ticket lines.

Spring and warm weather always
mean new saddles and loafers, and
local shoe dealers are loading their
shelves with the newest styles to
replace campus women's weather-
beaten casuals.
Biggest attraction in the saddle
selection will be a change from
the stiff leathers used by manu-
facturers last year. Coeds will
welcome the soft, flexible mater-
ials, such as buckskin and elk,
which will add ever-needed com-
fort for walking.
'- * -
THE POPULAR crepe sole will
also replace the hard rubber used
previously in the saddle shoe.
Featured along the newest
saddle-shoe line is a model in
soft elk with a neoprime sole.
Dubbed the "spoon-bill saddle,"
this shoe has a wide foot cut on
the order of a duckbill.
Loafers are being designed in a
variety of ways to add smartness
to a coed's outfits. Designers are
[__C oedCca en/ar
Dancing - Free dancing is on
the schedule of the Leagues social
calendar from 3 to 5 p.m. today in
the ballroom to introduce the new
record sound equipment.
* * *
Frosh Weekend - Tryouts for
the floorshiw of "Flapper Daze,"
dance to be presented by the
Maize team of Frosh Weekend, are
slated for 7:30 p.m. today in the
League Ballroom.
Tryouts for dance director or
pianist will begin at 7 p.m.
Mortarboard - There will be a
brief meeting of Mortarboard
members at 5 p.m. tomorrow in the
League.
* * *
Physical education - Women
education majors and minors will
hold a junior assembly at 8 p.m.
tomorrow in WAB.

i

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doing wonders with ornamental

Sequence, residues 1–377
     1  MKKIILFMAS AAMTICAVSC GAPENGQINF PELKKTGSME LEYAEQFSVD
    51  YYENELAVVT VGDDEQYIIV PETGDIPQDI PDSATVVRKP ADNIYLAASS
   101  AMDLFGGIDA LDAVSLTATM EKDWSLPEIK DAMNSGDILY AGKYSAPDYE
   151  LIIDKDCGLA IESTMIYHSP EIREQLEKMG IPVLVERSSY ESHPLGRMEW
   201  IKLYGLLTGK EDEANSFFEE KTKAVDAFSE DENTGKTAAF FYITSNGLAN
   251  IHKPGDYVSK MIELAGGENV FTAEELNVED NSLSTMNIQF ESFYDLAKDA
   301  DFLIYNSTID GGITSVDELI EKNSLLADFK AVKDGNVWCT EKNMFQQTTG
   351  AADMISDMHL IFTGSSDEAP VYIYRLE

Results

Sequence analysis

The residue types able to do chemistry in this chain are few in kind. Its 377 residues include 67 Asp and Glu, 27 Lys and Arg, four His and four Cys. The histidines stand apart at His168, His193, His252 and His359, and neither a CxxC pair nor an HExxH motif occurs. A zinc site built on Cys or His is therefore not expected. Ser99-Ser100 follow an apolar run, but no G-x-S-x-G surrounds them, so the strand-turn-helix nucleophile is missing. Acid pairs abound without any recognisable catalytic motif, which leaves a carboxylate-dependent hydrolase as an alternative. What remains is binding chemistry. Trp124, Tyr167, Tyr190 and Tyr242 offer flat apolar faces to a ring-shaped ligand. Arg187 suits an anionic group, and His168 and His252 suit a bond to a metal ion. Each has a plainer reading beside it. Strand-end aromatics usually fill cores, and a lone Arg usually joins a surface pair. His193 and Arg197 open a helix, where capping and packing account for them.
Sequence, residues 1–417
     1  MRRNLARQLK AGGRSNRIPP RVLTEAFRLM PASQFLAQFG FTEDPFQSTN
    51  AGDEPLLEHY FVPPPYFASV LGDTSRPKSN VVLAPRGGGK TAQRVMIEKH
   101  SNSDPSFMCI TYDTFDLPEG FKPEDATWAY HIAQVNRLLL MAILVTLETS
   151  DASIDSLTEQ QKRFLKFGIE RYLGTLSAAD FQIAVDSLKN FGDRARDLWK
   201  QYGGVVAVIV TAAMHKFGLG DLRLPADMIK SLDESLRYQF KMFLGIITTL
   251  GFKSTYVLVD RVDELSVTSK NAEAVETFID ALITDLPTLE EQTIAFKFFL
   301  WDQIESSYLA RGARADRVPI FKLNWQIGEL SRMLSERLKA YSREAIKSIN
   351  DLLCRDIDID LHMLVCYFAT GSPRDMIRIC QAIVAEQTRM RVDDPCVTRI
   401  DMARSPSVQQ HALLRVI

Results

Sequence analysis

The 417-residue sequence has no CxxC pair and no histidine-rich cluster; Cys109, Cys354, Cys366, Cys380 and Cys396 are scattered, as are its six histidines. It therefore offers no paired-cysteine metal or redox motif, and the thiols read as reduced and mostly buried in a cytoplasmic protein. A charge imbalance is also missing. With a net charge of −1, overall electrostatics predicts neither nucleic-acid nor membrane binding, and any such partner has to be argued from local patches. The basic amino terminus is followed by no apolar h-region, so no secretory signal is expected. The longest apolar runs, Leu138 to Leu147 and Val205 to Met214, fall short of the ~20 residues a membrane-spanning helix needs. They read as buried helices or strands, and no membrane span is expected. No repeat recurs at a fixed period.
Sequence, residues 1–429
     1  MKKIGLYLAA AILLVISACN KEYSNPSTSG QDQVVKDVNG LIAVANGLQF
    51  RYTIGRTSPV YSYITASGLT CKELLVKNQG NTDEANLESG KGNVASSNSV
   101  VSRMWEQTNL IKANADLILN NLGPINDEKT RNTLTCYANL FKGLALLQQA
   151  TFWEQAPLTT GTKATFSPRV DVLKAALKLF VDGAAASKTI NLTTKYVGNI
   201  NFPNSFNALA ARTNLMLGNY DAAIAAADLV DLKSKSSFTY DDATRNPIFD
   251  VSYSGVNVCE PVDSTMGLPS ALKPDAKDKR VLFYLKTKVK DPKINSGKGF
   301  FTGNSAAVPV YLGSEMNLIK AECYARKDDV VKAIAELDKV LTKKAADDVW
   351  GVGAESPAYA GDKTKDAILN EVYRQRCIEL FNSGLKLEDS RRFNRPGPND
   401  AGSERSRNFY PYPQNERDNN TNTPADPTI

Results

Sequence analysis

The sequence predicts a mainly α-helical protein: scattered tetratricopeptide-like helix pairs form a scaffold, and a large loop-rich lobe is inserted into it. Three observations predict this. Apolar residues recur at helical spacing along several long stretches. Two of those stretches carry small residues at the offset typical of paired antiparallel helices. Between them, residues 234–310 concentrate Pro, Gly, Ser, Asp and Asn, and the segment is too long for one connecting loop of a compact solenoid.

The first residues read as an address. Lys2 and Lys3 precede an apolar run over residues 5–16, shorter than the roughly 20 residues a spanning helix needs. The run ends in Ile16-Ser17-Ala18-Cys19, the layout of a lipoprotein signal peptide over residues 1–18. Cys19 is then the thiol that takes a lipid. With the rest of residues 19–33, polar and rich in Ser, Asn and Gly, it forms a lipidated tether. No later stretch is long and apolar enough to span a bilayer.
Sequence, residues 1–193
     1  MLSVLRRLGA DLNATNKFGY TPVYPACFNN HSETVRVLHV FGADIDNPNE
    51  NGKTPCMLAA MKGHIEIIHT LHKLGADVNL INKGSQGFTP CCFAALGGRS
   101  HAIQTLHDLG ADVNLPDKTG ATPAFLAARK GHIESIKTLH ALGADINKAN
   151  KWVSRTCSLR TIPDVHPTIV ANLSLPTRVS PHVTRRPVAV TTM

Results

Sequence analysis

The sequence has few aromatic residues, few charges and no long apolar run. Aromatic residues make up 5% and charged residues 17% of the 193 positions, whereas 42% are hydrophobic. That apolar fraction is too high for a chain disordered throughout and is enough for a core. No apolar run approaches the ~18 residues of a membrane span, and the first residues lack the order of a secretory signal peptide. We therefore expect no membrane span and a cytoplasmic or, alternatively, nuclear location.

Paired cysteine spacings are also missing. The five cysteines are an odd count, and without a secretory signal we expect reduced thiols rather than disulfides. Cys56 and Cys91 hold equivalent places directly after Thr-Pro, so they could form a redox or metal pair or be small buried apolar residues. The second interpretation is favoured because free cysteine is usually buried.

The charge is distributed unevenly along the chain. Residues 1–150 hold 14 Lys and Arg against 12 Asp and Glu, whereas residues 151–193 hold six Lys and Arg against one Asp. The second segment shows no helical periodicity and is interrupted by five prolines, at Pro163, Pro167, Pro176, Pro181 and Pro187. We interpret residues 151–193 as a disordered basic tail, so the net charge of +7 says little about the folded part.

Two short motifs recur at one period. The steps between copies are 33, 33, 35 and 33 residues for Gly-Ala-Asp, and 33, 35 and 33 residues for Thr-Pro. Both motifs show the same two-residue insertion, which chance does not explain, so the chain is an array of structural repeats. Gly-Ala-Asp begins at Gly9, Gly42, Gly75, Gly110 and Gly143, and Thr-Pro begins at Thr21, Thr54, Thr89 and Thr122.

buckles and straps on the loafer
in order to bring that shoe to the
forefront in popularity as it was'
in '39 and '40.
* * *
A FAVORITE among campus
women will be the sandal type
loafer which features the new
"open look" for spring.

0 .a
Tops with College Girls
Women from 227 colleges are now tak-
ing Gibbs secretarial training.
Write College Course Deanfor catalog
Katharine Gibbs
230 Park Ave., NEW YORK 17 33 Plymouth St., MONTCLAIR
51 E. Superior St, CHICAGO 11 155 Angell St., PROVIDENCE 6
90 Marlborough St., BOSTON 16

-L Prelude...
to a STYLE-RIGHT
SEASON ...0

"WAYNE KING (above) plays Jo-
hann Strauss" ... The Blue Dan-
ube, Emperor Waltz, 4 others ...
an album "Designed For Dancing,"
just like all 15 of RCA Victor's
astonishing brand-new albums!
By 15 great bands, 15 great com-
posers. 90 all-time favorites to
end the dance-record shortage!
Real dance-beat again! King's
album has it! Come and get one
or all 15 at Liberty Music Shop,
Inc., 205 E. Liberty.'

314 S. State

Ph. 7177

11

"Ophelia thou art not for me ...
see no on thee!"

You'll love these fresh-
looking cottons and lin-
ens . . . crisp piques
and seersuckers . . cool
organdies . . . jacket-
topped sun dresses that
double for school . . .
tailored classics in one
or two-piecers. . . dressy
styles in tubable navy
and pastels . . shirt-
waisters in saucy plaids
and checks . . . ideal
budget stretchers in all
sizes - from
$8 95to 16"